However, the most important sections in the plan are those that detail what her special needs are, and how they will be addressed, and by whom. This is the part that needs looking over very carefully and, I hope, picking apart during the meeting we’re due to have. We’re supposed to tell SENAR if there are any parts we feel need changing, adding or taking out. The thing is… we don’t really know! I think it covers most things. It describes her strengths and health needs, social care needs (not much there, thankfully) and, in greater detail, her special educational needs, broken down into categories such as communication and interaction, cognition and learning, and so on. These needs are then used to come up with the outcomes – both long and short-term (although the long-term is quite short term at this age!) These outcomes then determine the special educational provision that must be in place.
This is the section that I think we need to really watch. I have done some research (as I have a tendency to do!) and they are not supposed to use ‘woolly’ language such as ‘opportunities for’ and ‘access to’… which they have used several times in our draft! Instead, they have a legal duty to be more specific, so ‘opportunities for’ should really be replaced with ‘this will happen x times per week’ or whatever. I have a feeling I’m going to need to put my big girl pants on and get a bit stroppy!
And then, we reach the section that is so small in the document, but absolutely, monumentally huge in Tink’s future… school preference. As you may remember, we have already had the dilemma of which mainstream school to choose for our application. We finally made our choice, although it was rather a moot point in the end, as we had decided to keep Tink in school nursery for an additional year anyway. Now we have the plan, however, a whole host of new options opens up. Along with the draft, we have been sent lists of all the schools in the local authority: mainstream, independent and specialist. This document is even chunkier than the draft! And now we have to think about it all over again.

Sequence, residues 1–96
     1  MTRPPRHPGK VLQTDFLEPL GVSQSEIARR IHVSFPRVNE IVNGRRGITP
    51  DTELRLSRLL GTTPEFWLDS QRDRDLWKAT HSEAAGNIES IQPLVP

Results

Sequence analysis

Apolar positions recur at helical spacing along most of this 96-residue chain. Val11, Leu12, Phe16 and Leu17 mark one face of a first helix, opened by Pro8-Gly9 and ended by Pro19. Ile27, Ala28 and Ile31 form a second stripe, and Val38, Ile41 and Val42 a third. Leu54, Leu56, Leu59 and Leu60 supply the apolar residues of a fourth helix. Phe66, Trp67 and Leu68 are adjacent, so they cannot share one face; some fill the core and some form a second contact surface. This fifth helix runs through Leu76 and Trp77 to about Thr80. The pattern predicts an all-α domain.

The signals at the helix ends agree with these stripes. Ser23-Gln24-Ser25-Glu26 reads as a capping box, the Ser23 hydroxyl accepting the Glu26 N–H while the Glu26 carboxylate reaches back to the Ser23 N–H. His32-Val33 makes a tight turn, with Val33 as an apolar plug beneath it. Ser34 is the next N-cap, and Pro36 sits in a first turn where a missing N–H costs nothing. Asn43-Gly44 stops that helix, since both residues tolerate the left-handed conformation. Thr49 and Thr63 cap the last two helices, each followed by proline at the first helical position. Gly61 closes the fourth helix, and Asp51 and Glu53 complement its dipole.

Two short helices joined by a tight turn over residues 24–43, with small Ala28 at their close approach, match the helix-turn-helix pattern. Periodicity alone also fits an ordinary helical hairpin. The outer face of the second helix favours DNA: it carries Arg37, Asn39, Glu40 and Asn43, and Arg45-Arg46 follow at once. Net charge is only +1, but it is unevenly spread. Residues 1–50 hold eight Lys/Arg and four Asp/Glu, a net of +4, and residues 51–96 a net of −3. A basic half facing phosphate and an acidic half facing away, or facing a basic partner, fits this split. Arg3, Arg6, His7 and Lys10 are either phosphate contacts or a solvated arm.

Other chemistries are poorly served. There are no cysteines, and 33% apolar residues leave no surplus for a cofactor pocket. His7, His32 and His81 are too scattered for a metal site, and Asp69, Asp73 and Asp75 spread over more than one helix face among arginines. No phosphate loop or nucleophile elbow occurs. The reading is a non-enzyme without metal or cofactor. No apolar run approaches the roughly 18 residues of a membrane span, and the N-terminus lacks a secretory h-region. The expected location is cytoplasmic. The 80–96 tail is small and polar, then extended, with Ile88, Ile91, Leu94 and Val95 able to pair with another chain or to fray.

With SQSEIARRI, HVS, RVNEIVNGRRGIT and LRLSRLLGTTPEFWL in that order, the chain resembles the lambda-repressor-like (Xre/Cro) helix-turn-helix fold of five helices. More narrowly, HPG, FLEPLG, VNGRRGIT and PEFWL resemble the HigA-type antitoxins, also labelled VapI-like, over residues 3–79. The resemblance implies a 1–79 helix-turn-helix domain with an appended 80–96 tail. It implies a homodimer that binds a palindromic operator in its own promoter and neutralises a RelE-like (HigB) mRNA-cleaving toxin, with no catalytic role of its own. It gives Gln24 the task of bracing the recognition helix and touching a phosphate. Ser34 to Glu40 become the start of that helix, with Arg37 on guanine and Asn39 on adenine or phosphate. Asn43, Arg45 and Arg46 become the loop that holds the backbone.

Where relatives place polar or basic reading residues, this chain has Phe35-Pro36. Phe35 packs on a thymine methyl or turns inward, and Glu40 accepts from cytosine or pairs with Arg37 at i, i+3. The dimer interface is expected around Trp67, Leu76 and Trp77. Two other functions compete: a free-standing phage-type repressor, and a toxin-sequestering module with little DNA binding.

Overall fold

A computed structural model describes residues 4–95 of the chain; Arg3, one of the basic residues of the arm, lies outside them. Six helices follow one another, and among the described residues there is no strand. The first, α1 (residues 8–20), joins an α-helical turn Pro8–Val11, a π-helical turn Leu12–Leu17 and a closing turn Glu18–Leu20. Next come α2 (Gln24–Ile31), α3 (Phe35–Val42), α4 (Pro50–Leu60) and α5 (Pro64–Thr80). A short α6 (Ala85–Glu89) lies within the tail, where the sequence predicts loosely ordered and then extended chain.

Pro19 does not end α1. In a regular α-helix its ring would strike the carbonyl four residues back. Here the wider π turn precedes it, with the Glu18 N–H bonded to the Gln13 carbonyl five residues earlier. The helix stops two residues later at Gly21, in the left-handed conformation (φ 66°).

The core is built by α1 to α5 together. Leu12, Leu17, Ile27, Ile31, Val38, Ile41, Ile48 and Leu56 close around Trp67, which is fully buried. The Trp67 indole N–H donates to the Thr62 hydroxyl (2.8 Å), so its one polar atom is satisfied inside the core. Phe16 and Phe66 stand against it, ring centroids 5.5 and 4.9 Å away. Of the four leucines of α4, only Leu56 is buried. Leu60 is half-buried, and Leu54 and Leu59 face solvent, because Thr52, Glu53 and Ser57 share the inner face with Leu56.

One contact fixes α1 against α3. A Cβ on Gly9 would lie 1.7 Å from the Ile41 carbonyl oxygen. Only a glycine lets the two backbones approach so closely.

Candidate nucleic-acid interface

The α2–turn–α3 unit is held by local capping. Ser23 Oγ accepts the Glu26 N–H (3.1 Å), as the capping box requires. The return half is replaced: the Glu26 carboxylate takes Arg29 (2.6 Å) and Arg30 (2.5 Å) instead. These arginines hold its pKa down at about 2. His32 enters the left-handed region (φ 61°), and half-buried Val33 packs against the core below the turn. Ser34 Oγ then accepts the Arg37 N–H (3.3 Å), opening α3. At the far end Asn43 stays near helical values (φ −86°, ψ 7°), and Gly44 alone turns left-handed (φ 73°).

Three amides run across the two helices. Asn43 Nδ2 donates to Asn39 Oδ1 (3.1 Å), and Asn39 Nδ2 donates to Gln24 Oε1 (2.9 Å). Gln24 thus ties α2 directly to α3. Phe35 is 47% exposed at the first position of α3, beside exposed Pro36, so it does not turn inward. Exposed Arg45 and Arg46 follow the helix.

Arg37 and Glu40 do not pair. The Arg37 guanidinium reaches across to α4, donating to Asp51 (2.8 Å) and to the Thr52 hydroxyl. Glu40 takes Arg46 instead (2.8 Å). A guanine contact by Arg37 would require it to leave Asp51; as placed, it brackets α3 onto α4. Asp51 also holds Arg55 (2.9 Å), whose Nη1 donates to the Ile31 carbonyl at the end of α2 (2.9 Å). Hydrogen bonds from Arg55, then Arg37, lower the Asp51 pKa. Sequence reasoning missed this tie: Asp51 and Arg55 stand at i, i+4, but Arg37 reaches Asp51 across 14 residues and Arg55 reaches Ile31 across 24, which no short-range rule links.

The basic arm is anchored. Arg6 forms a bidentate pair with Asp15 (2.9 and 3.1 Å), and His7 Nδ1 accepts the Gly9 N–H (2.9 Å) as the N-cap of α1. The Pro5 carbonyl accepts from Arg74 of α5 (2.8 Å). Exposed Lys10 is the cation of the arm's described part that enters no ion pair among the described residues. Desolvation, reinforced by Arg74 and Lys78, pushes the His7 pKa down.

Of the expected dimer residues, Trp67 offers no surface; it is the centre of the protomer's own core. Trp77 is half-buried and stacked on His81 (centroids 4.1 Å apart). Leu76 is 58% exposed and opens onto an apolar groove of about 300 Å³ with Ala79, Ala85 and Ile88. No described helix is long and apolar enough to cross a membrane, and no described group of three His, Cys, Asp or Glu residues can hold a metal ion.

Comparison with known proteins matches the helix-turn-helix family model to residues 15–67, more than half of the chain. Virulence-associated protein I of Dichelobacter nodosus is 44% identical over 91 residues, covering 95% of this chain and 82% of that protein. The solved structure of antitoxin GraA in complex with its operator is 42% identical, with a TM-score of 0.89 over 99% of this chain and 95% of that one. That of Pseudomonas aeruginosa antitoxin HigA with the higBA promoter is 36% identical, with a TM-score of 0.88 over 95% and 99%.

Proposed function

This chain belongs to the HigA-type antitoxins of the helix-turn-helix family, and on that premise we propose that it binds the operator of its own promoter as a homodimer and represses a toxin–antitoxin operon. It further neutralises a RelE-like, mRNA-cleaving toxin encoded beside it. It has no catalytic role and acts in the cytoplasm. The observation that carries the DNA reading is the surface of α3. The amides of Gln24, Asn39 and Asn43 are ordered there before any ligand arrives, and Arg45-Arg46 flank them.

I have tried previously to make an appointment at a highly recommended special school that is quite local. I have been refused. (“Oh no, all the appointments for viewing have gone. You’ll have to call after Easter… Oh, sorry, but all the appointments have gone, we were inundated straight after Easter….”) Apparently, it’s harder to go and view a special school than it is to get a place in one! So, my question now is, how on earth are we supposed to decide (within 15 days of receipt of the draft, which we didn’t know we were receiving as we didn’t have the ’12 week meeting’ – ha!) which school we’d like named in Tink’s plan? Especially as we have no concept of what the inside of a special school is like.
I am going to be contacting SENAR to let them know that no, actually, we will not be making a choice on school within 15 days, as this is totally unrealistic given the circumstances. We can’t even discuss the draft with professionals until June, and I’d quite like their input on what kind of school they think might suit Tink best, seeing as they will have more idea than us. Then I’d also like to go and see one or two, if you please!
So, yes, we have the plan. I am fairly certain this is a good thing. It is. But it’s not over yet. Not by a long way!
To be continued…